Editorial, Hindustan Times , December 1, 2006
If one imagines India to be a huge parking lot, the country’s Muslim community seems to have little space to park their cars. What has been apocryphal wisdom, now takes shape in the form of empirical data in the Rajinder Sachar Committee report tabled in the Lok Sabha on Thursday. Whether it be socio-economic conditions, educational benefits or representation in employment, 60 years after India rejected the two-nation theory, Indian Muslims have less opportunities, and, therefore, lag considerably behind, their non-Muslim counterparts.
The Sachar Committee report not only makes a timely recording of this fact, but it also suggests ways to “ameliorate the conditions of acute depravation of Muslims” in this country. What the report also does is to clear the cobwebs that have given rise to certain stereotypical notions about India’s largest religious minority community. For instance, infant mortality among Muslims is lower than among the Hindu populace, but higher than other minority groups. While 59.1 per cent of Muslims are literate — below the national average of 64.8 per cent and that of 65.1 per cent for Hindus — only four per cent of Muslim children attend religious seminaries that are cut off from a modern, secularised education. These data, of course, mean little until they are coupled with matters such as representation in jobs and public bodies. And it is here that the real difference of opinion has been evident since 1947. Politicians clearly find a neat route by suggesting wholesale reservations for Muslims. This amounts to them sounding concerned as well as managing to crystallise an amorphous community into a vote-bank. The Sachar report also suggests that backward social groups among the Muslim community, such as the Arzals, the Ashrafs and the Ajlafs, should be regrouped and reidentified for ameliorative help. The report suggests that while the Arzals can be incorporated with the Scheduled Castes (because of their traditional occupation) and provided reservations, the other two backward groups could be ‘helped’ in a different manner.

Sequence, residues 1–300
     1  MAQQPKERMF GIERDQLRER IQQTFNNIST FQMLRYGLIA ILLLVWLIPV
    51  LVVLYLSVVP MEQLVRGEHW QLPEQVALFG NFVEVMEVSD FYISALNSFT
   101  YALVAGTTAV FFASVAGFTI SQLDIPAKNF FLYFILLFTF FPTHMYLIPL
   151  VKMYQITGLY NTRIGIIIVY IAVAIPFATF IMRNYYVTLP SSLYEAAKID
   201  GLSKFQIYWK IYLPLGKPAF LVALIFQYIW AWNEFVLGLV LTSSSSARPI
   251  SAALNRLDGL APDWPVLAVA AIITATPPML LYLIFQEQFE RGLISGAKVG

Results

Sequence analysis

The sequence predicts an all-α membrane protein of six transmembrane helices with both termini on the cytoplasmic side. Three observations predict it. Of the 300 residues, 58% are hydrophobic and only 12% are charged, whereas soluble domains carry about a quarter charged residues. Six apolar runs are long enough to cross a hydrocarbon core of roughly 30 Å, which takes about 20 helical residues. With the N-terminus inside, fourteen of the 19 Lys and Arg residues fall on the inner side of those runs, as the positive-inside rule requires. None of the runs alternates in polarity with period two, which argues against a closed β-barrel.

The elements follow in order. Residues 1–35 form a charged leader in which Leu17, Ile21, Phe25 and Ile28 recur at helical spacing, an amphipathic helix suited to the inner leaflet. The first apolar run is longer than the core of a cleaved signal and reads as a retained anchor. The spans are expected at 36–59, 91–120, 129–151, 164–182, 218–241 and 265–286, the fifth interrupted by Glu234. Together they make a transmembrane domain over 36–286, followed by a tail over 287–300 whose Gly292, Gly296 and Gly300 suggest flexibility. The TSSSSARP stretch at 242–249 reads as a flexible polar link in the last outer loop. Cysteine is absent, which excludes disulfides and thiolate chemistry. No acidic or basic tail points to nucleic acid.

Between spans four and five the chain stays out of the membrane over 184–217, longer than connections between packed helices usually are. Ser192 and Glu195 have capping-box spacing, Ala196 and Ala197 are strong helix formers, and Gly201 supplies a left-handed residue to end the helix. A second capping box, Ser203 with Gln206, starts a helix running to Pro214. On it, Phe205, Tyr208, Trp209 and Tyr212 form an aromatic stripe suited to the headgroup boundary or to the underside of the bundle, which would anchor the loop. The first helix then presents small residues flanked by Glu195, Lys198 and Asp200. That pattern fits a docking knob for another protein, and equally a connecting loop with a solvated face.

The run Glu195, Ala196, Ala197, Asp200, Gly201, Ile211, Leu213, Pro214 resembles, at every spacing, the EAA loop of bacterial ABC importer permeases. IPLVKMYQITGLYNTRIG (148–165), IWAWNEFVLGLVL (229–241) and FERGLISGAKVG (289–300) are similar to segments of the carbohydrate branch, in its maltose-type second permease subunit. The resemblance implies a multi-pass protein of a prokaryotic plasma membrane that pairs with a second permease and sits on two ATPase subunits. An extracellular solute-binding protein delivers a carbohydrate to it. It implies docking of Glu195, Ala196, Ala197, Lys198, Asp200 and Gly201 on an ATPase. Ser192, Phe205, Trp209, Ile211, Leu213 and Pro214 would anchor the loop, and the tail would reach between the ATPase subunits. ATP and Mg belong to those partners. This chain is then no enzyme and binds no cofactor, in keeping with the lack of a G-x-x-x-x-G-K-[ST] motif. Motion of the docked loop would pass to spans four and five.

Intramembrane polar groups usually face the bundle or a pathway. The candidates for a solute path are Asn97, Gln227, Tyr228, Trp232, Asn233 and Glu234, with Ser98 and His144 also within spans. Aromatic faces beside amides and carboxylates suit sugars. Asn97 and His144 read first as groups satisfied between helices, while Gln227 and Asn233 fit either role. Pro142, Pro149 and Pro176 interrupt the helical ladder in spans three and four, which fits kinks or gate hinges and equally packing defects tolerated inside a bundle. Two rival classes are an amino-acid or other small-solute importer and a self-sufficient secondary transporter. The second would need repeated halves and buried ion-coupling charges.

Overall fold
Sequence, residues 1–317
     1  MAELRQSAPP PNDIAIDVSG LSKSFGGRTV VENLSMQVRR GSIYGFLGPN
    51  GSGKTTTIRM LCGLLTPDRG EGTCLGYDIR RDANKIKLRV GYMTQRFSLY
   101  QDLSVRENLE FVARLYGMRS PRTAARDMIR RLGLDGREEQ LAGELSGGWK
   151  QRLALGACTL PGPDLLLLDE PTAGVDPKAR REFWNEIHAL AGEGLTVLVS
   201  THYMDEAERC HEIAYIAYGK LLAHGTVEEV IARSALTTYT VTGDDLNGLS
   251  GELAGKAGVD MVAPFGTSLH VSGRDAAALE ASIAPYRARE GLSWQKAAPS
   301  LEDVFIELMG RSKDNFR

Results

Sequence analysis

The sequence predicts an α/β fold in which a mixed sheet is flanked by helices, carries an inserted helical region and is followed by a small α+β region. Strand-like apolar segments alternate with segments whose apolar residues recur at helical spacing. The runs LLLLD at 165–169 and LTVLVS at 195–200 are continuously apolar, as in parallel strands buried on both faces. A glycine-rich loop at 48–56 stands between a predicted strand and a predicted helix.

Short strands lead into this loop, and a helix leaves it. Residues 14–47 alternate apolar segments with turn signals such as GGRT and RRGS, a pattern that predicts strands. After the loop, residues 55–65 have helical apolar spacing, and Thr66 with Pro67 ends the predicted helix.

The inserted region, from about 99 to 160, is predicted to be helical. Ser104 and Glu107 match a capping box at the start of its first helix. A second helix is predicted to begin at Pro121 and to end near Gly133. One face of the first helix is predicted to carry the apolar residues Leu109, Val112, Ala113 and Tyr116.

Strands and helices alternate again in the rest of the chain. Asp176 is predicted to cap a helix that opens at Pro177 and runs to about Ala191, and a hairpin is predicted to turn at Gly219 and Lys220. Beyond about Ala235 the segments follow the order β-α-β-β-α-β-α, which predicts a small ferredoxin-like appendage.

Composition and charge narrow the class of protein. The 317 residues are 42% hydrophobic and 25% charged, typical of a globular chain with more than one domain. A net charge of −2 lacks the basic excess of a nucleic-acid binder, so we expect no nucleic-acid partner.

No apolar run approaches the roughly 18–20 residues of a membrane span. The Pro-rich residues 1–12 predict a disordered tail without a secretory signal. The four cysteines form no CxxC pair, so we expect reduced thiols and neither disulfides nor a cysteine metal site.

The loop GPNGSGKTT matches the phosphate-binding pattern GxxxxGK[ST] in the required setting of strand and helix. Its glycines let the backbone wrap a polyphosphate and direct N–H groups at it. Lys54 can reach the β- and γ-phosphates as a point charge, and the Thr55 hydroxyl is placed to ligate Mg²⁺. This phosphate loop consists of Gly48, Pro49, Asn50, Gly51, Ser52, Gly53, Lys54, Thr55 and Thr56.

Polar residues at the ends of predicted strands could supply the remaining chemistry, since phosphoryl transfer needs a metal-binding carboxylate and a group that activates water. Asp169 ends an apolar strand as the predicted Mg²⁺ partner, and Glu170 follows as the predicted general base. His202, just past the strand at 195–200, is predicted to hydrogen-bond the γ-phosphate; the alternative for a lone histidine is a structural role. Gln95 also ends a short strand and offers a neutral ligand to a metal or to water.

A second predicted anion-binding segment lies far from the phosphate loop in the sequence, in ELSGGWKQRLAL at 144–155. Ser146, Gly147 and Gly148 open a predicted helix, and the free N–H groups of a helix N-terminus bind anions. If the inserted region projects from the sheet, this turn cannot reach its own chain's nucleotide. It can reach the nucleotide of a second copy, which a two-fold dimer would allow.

Such micro-level categorising is all very well. But it doesn’t help beyond the rhetoric of adding more reserved slots in the metaphorical parking lot. Even if one overlooks the political repercussions of identity politics, the answer to providing the uplift of socio-economically deprived sections does not lie in reserving parking spaces but in enlarging the parking lot. For that, one needs a holistic expansion and upgrade of conditions for all those socially and economically lagging behind along with targeting specific groups. This should not mean reservations; it means something more expansive, effective and difficult.